Londoners have always loved exploring the city on foot, and have been doing so for thousands of years. As the novelist and historian Walter Besant wrote in 1897, “I’ve been walking about London for the last 30 years, and I find something fresh in it every day”. In this post, we’ll take you through the history of walking in London, from famous literary ramblers like Virginia Woolf, right up to the urban adventurers of the present day.
The Romans arrive on foot
Romans didn’t waste any time when it came to walking — or, to be specific, when it came to marching. When they first arrived in the city they christened ‘Londinium’ all the way back in AD 43, one of the first things they began to do was build a network of roads to allow them to march from one place to another as quickly as possible. The Romans built their roads straight— levelling anything which got in their way in the process — as this allowed them to take the most direct route and reduced travel times.
Of the fifteen major road routes the Romans built during their conquest of Britain, seven ran through London, showing the importance of the city. You can still walk along the remains of one today: Oxford Street runs directly over the route of the old Roman Road.
Promenading in the park
Although the working people of London had always gotten around on foot, the idea of walking for leisure didn’t really become fashionable for members of the upper classes until late 18th century. But by the Georgian period, it had become very popular for the elite to stroll through London’s well-heeled streets and parks during the late afternoon, an activity that came to be known as ‘promenading’.
For the aristocracy, promenading was more about status than exploring the city. During the Regency era, a walk in the park or through the streets wasn’t just a chance to get some fresh air: it was also a fashion show and social event, where people would show off their finery and stop to chat with other members of high society. Hyde Park was the place to see and be seen, and on a fine day during the spring and summer you could expect to see hoards of aristocratic men and women — and social climbers hoping to fit in — promenading in the park.
The figure of the flaneur
Towards the end of the 19 century, a new type of urban rambler emerged: the flâneur. Meaning ‘stroller’ or ‘saunterer’ in French, the word is thought to originate from old Norse, meaning ‘to wander without purpose’. But it wasn’t just about aimless wandering. For the flâneur, walking through the city streets was very much an intellectual pursuit.
While promenading was all about being seen, the flâneur preferred to observe the city around him, taking in the sights and sounds and indulging in a bit of people watching. The idea was to mingle among crowds of people from all walks of life, while remaining a detached observer with no real purpose or destination.
The typical London flâneur would have been wealthy and well-educated, with plenty of time to kill. It was a turning point for the upper classes: before this figure emerged, the elite preferred to keep away from urban crowds, but it was now fashionable to blend in with the lower classes on the street.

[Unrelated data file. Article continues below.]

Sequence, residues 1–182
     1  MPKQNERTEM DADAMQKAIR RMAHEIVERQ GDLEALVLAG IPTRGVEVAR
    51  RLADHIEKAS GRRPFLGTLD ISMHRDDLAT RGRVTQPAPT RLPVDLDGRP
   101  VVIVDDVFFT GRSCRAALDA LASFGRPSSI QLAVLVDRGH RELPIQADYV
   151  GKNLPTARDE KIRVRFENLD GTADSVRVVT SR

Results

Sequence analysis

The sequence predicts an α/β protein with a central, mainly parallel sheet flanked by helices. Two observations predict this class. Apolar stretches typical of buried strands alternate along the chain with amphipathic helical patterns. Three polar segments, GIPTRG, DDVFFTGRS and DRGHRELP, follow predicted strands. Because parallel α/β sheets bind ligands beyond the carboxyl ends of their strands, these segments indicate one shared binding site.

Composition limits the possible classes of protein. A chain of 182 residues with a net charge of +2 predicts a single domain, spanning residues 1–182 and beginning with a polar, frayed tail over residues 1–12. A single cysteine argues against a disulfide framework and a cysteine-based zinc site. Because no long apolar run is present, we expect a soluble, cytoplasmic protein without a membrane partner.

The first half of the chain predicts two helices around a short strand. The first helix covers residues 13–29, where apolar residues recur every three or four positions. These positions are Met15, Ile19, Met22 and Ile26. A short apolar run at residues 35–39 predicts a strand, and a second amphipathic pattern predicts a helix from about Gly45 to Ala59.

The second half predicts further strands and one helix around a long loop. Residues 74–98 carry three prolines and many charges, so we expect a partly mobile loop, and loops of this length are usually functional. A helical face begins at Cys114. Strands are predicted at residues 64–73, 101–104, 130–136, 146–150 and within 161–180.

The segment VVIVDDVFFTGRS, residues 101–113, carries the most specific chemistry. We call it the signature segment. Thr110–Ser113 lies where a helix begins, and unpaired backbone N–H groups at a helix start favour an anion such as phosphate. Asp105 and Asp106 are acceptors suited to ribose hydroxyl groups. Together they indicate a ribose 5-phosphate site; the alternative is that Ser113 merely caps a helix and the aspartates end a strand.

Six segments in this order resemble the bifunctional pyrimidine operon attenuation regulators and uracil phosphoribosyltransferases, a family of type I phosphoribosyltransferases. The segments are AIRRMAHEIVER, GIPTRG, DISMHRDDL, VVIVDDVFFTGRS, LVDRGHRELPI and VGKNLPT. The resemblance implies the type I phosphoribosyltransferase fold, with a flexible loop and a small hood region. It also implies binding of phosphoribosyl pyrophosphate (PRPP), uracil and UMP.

Creative walkers in the 20th century
During the early years of the 20th century, the idea of the flâneur continued to develop, and walking through the city became connected to creativity. The artistic bohemian set would take to the streets in search of ideas, using the swarms of people around them as inspiration.
One of London’s most famous creative ramblers was the novelist and essayist Virginia Woolf, who frequently explored the streets on foot in the 1920s and 30s, an activity she called ‘street-haunting’. In a 1927 essay on the subject of walking, she would write that “to escape is the greatest of pleasures; street haunting in winter the greatest of adventures.” Strolling the city’s streets and parks also provided solace during low or stressful periods: as she wrote in her diary in 1930, “to walk alone in London is the greatest rest.”
Modern urban explorers
As the 20th century gave way to the 21st, urban thrill seekers began to practice a new type of exploration known as parkour, or free running. No longer content to stick to the city’s pavements and walkways, free runners sought to make the city their playground, climbing, vaulting, and leaping across London to put their agility and courage to the test. By taking flight, free runners were able to see the city from a different angle.
While parkour was originally invented in Paris, the release of a documentary called Jump London in 2003 brought free running out of the shadows and helped to popularise the sport. Before long, training groups and gyms were springing up across the capital, and London is now home to Parkour UK, the official governing body for free running.
If you’re looking for something a little less high-octane, then our Foxtrail London trail is the ideal activity for you. Along with your friends, family, or workmates, you’ll be put to the test as you try to follow our cunning Fox’s clues across the capital on foot in a thrilling race against the clock! Plus, you’ll get to see some of London’s most famous areas and landmarks in a whole new light. Learn more about Foxtrail here, or get in touch to make your booking today.